100 Years

Through the Eyes of a Student 100 Years of Student Life at WPI • Have you ever wished you could travel back in time to see what WPI was like for its earliest students? A multimedia exhibit called “Through the Eyes of a Student: 100 Years of Student Life” opens Thursday in Gordon Library’s Gladwin Gallery. Your tour guide through WPI’s first century is Sarah Conlin, a senior from Cutchogue, N.Y., who curated the exhibit with library staff, as part of her MQP.
April 09, 2014

Starting with the 1865 Act of Incorporation that brought the Worcester County Free Institute of Industrial Science into being, the exhibit brings together documents, photographs, and historical objects that belonged to students. The artifacts on display range from a diploma from the first graduating class to the fraternity paddle and slide rule used by President Phil Ryan ’65.

Conlin, a Humanities and Arts major concentrating in American Studies, wanted to use the skills she was learning in history and literature courses to study the student culture that developed at WPI from 1865 to 1965. “There’s so much more than the beanies and Tech Bibles we see at Homecoming,” she says. “I saw there were traditions that had been lost, and I wanted to give them life again.”

As part of her MQP research, Conlin spent hundreds of hours combing through the university archives to uncover those stories and select the right objects to tell them. Some WPI legends became real to her through that daily contact. “We found Robert Sanford Riley’s degree from 1869. More than just names on buildings, these are real people who embodied the WPI lifestyle and carried it forward for others.”

Conlin’s MQP advisors, professors Kent Ljunquist and James Hanlan, guided her to deepen the research through a broader historical analysis of campus life at other colleges, and by connecting those trends to social change nationwide. “In the early years of American higher education,” she writes in her project summary, “students were looked at as being merely recipients of academic content. Professors kept students at arm’s length, and demanded rigorous dedication of students to their studies.” The exhibit includes a timeline to anchor the student experience at WPI to real-world events—such as two World Wars and the Great Depression—that shaped their lives.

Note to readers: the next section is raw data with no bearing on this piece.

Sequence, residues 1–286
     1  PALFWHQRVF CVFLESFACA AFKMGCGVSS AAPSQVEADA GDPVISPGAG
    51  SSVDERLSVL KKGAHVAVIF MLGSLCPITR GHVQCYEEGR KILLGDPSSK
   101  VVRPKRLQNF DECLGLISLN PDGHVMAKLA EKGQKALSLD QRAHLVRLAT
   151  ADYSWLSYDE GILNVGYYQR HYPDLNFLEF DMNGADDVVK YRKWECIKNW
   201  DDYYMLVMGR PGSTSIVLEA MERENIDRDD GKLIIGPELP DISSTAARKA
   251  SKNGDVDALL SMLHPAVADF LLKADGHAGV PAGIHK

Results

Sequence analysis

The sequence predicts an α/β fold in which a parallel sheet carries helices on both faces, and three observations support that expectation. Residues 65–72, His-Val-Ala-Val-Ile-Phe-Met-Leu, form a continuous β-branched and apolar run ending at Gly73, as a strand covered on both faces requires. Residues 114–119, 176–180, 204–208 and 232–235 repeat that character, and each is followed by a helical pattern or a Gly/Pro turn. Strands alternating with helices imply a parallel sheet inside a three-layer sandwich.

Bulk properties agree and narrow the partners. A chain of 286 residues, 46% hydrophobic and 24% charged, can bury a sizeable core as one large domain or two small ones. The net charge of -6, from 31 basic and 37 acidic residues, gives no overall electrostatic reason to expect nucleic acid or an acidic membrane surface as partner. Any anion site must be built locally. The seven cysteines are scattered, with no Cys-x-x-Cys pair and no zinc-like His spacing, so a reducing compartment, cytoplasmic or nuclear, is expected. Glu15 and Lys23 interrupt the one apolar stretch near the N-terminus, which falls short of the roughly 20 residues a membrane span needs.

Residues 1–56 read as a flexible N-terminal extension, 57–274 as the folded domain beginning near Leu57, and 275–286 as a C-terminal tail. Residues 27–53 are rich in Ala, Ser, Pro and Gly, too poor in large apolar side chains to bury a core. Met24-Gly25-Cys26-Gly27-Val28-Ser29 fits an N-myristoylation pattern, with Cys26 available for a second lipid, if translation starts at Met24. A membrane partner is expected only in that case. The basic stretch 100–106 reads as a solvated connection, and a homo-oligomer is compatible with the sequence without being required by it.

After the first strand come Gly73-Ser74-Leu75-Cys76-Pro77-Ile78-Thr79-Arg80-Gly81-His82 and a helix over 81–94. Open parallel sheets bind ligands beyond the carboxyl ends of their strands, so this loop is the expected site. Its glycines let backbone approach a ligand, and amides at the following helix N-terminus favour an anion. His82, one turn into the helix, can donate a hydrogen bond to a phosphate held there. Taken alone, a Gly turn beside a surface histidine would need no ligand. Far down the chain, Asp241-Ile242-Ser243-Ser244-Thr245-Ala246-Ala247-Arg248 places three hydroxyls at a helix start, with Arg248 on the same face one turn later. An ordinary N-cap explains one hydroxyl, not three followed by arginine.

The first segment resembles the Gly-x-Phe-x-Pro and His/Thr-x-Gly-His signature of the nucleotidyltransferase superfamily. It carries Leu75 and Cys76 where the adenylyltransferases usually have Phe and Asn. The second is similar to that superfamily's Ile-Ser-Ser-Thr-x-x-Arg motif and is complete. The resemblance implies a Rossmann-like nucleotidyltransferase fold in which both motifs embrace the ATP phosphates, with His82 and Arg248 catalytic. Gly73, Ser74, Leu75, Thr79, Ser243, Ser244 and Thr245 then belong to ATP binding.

Most amazing to Conlin were the ways that studious WPI classmates let off steam. “Some of the traditions were pretty wild,” she relates. “A lot of the Freshman-Sophomore competitions turned into huge brawls.” Her favorite item in the exhibit is the golden clock hands that were stolen by students who scaled Boynton Tower by night. Missing for almost a century, the clock hands were returned to WPI through a deathbed wish of one of the thieves.

A naval ROTC cadet, Conlin will begin her active service with pilot training after graduation. She says that through her moves, she keeps her own WPI beanie hanging on her wall, so she doesn’t lose it. She likes to imagine that perhaps in the year 2064, the belongings of an ordinary WPI student like Sarah Conlin ’14 might become content for a 50-year retrospective. “There’s so much of WPI’s past that’s carried forward. I wanted to take that and give it back to the WPI students of today. I feel it brings WPI back to a special place for all of us.”

Conlin, Ryan, and others will speak at the reception to be held April 10, 2014, from 4:30 p.m. to 6:00 p.m., on Level G of Gordon Library in the Gladwin Gallery and Fellman Dickens Reading Room. The exhibition will be on display through Alumni Weekend in June for all to enjoy.